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Entries » Blog » One in ten university students is a victim of crime but new technology will make students safer.

One in ten university students is a victim of crime but new technology will make students safer.

Created May 19 2020, 2:44 PM by Matthew Hetherington

University is often the first time that many young adults spend prolonged periods away from home. This newfound freedom is an exciting time, as they learn new skills, develop new social circles and continue their educational journey. 

However, there are risks to students and university staff as often campuses do not have walls and a true cross-section of the public have access, not all of whom have good intentions. Unfortunately this means that university can be the first time that young adults come into contact with crime. 

The complete University Guide compiled reported crime statistics and created a league table for universities looking at reported crime in areas where students live.* The data they provide shows three core crime statistics including robbery, burglary and violent or sexual offences and gives values of victims per 1000 people.

The headline figures for universities in England and Wales in 2019 are as follows.

On average (acknowledging the data set is not perfect) there is approximately a 5% chance of being a victim of crime whilst on or near a university campus in term time while the worst-case scenario is as high as nearly 10%.

How can Police forces, institutions and university security help protect staff and students from such criminality and provide a safer public space?  

By working together, Police, Public Safety and university security organisations can establish a system of security with layers of redundancy. Creating a database of safe-designated and threat-designated individuals and vehicles allows the Police,  University or Campus location oversight teams to develop watchlists of sex offenders, known criminals, disgruntled former employees, barred community members such as gang members and drug dealers, non-custodial parents or estranged partners and ensure they cannot gain access to the most vulnerable campus areas.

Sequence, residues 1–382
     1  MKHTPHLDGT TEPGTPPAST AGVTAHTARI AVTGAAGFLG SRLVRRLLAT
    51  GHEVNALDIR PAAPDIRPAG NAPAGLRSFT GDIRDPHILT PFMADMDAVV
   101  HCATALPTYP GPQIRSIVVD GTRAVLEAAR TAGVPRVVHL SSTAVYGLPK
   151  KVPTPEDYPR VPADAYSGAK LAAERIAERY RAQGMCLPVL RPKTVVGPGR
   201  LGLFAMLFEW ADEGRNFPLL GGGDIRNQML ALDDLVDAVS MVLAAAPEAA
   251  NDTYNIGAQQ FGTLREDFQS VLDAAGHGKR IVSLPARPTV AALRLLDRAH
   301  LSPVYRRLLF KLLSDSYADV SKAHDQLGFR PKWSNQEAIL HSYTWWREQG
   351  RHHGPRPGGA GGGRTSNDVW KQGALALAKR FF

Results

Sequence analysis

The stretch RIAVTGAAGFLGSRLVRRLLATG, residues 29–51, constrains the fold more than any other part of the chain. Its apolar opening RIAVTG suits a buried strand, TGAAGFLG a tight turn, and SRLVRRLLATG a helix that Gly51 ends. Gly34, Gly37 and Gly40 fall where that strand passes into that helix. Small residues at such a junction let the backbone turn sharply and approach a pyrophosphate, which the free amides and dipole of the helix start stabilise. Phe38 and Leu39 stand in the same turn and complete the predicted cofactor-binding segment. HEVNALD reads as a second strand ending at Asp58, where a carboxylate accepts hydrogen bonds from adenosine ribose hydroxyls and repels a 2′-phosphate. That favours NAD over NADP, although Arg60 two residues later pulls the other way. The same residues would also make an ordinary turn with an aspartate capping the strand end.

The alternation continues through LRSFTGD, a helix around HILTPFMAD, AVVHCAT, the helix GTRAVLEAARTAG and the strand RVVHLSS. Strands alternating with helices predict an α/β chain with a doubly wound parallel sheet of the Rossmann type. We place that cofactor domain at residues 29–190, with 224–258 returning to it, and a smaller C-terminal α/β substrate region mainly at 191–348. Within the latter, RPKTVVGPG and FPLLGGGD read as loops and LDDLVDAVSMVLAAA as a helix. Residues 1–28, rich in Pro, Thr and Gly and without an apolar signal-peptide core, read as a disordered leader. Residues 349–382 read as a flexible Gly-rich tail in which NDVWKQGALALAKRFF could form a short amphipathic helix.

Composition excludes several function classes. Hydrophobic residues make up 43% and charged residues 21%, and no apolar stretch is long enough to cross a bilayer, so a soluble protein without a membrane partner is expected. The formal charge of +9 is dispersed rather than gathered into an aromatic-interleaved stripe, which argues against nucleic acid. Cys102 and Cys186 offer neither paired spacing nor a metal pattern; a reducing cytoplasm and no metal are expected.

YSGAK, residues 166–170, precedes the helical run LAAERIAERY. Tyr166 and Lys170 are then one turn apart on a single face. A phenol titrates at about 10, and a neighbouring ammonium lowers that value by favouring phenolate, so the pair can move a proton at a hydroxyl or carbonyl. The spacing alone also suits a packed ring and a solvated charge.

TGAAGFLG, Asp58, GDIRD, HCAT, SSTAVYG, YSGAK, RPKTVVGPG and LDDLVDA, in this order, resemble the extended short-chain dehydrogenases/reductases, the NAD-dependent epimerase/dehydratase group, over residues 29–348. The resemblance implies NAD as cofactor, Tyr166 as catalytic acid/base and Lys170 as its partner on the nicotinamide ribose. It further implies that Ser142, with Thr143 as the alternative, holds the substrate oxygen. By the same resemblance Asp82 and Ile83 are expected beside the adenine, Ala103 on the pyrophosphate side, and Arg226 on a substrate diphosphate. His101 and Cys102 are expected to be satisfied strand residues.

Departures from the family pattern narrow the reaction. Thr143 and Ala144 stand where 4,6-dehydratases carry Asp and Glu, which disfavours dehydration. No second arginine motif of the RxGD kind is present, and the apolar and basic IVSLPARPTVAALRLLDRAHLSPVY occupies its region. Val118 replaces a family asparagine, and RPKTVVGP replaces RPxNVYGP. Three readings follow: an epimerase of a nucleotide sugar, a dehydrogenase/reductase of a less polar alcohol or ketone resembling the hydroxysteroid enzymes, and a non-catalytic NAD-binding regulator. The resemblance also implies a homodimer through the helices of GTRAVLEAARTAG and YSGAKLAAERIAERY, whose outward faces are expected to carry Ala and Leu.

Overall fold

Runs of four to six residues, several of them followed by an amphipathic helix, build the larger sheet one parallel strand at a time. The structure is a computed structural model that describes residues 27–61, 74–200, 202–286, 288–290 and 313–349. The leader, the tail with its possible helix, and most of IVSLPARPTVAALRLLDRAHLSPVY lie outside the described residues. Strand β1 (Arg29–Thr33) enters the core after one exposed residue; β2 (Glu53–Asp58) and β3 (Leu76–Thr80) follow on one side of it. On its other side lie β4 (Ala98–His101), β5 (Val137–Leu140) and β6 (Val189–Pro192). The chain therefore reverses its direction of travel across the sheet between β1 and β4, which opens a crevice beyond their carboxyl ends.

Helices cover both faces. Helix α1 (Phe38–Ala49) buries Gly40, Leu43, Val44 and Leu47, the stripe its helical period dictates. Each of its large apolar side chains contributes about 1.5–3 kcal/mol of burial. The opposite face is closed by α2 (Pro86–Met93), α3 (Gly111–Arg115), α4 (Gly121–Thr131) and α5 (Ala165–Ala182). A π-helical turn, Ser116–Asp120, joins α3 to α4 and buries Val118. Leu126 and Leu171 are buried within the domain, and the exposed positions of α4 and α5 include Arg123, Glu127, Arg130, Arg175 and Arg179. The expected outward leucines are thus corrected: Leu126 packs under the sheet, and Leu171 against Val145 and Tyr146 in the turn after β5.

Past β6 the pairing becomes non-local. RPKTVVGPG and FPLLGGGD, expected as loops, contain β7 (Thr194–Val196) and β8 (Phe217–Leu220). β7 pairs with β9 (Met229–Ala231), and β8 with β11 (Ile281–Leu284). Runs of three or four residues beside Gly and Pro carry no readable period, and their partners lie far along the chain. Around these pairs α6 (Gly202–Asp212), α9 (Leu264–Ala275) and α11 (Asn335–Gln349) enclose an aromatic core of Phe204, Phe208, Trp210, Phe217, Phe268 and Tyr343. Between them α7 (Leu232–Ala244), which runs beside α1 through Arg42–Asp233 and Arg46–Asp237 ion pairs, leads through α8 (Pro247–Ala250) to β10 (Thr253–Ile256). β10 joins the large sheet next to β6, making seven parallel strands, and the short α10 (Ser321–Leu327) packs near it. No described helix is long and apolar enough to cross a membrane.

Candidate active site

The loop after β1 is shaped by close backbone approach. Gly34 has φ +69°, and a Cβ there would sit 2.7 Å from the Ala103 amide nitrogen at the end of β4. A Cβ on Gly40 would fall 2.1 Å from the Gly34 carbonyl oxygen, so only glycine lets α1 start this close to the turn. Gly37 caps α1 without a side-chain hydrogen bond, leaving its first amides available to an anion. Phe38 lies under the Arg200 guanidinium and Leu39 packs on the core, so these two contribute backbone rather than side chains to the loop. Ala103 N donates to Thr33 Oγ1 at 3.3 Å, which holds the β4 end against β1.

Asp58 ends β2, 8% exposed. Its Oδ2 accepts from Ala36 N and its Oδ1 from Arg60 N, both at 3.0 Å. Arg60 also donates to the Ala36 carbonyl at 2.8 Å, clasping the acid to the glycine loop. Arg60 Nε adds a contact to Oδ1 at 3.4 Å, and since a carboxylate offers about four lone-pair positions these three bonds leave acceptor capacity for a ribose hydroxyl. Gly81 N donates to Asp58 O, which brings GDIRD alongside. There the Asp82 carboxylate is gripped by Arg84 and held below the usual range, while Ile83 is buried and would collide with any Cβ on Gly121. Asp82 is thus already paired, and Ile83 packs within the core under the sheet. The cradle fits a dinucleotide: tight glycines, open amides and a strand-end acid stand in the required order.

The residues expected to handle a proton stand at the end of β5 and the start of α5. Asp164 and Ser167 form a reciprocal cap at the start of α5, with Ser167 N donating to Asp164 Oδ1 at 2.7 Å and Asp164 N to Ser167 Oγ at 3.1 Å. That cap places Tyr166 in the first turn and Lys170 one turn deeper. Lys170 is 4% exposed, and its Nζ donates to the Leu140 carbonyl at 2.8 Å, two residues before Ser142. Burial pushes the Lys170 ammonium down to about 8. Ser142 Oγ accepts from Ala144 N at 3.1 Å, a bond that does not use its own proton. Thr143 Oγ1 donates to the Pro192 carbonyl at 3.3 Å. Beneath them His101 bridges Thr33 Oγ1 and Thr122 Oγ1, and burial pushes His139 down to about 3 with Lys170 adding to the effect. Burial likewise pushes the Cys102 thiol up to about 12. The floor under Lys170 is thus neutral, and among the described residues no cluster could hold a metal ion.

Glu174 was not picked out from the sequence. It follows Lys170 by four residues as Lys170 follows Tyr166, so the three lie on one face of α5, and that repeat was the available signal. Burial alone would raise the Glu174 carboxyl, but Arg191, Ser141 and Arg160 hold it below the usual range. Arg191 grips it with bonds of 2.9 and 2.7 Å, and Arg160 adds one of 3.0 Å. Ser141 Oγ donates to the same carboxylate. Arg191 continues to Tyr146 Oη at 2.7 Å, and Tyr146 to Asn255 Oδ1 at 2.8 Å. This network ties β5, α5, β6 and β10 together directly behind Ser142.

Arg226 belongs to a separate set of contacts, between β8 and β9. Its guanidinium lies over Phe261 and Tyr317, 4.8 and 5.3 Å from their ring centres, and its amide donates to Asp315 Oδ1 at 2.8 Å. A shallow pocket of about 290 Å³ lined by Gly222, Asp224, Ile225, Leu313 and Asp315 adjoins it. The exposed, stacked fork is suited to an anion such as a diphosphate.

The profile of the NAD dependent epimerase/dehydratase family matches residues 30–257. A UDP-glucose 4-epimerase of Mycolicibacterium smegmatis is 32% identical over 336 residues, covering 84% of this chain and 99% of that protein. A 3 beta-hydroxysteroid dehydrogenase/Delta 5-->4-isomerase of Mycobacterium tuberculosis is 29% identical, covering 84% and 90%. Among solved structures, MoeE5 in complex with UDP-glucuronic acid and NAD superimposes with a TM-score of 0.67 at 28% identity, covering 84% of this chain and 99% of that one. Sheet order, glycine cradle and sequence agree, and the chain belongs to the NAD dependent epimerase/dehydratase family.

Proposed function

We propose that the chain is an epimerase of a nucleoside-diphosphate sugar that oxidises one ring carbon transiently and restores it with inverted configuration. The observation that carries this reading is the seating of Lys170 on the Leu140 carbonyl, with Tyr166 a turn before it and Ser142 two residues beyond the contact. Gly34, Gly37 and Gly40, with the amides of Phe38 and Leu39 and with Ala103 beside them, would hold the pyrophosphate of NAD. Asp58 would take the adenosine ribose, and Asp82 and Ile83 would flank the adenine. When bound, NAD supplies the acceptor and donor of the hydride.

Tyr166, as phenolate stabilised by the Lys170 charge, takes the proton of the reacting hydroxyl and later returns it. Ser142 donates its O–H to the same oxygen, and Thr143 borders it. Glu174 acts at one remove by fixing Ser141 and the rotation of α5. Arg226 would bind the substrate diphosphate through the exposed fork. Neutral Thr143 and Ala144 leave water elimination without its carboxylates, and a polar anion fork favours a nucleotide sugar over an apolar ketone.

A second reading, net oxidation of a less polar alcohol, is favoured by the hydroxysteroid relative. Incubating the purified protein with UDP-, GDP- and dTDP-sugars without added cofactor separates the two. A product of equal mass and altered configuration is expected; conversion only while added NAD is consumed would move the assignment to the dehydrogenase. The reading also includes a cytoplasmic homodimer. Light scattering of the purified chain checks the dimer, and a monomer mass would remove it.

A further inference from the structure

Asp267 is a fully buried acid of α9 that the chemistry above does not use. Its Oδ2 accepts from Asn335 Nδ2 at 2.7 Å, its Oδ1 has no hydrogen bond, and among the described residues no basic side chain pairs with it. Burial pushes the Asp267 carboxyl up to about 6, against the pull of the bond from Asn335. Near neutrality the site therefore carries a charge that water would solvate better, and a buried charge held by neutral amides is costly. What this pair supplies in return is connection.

The best approach is a multilayered system of passive and active checks that protect against unauthorised access and provide multiple intervention opportunities. 

Protection starts off-site and extends right up to your building entrances 

Outer perimeter

All roads approaching and surrounding your university campus or target areas act as an outer perimeter. By placing fixed ANPR cameras in this outer perimeter you can catch a potential threat before it enters the campus proper or simply look for trends of unauthorised vehicles.

Middle perimeter

The middle perimeter consists of roadways and parking areas that have been identified as high risk or prone to crime. Place additional fixed ANPR cameras in the middle perimeter to let you know when an unauthorised vehicle is on location or take your protection one step further with CCTV security cameras to allow oversight of on-site activities. 

Inner perimeter

Entrances to buildings and sensitive locations are the last line of defence against a potential threat. By utilising an inner perimeter facial recognition system that connects to existing IP CCTV you can identify problematic individuals before they have the chance to act.

By enacting a layered approach and integrating it with an active watchlist, police and on-site security can better monitor ongoing activities while protecting those most vulnerable to crime. To learn more about physical security solutions for universities and educational institutions, visit Vigilant CampusWatch





Chris Harrison

Strategic Alliance Manager, Video Security & Analytics at Motorola Solutions

Connect with Chris on LinkedIn



*Official data for crime specifically against students at university is not available.

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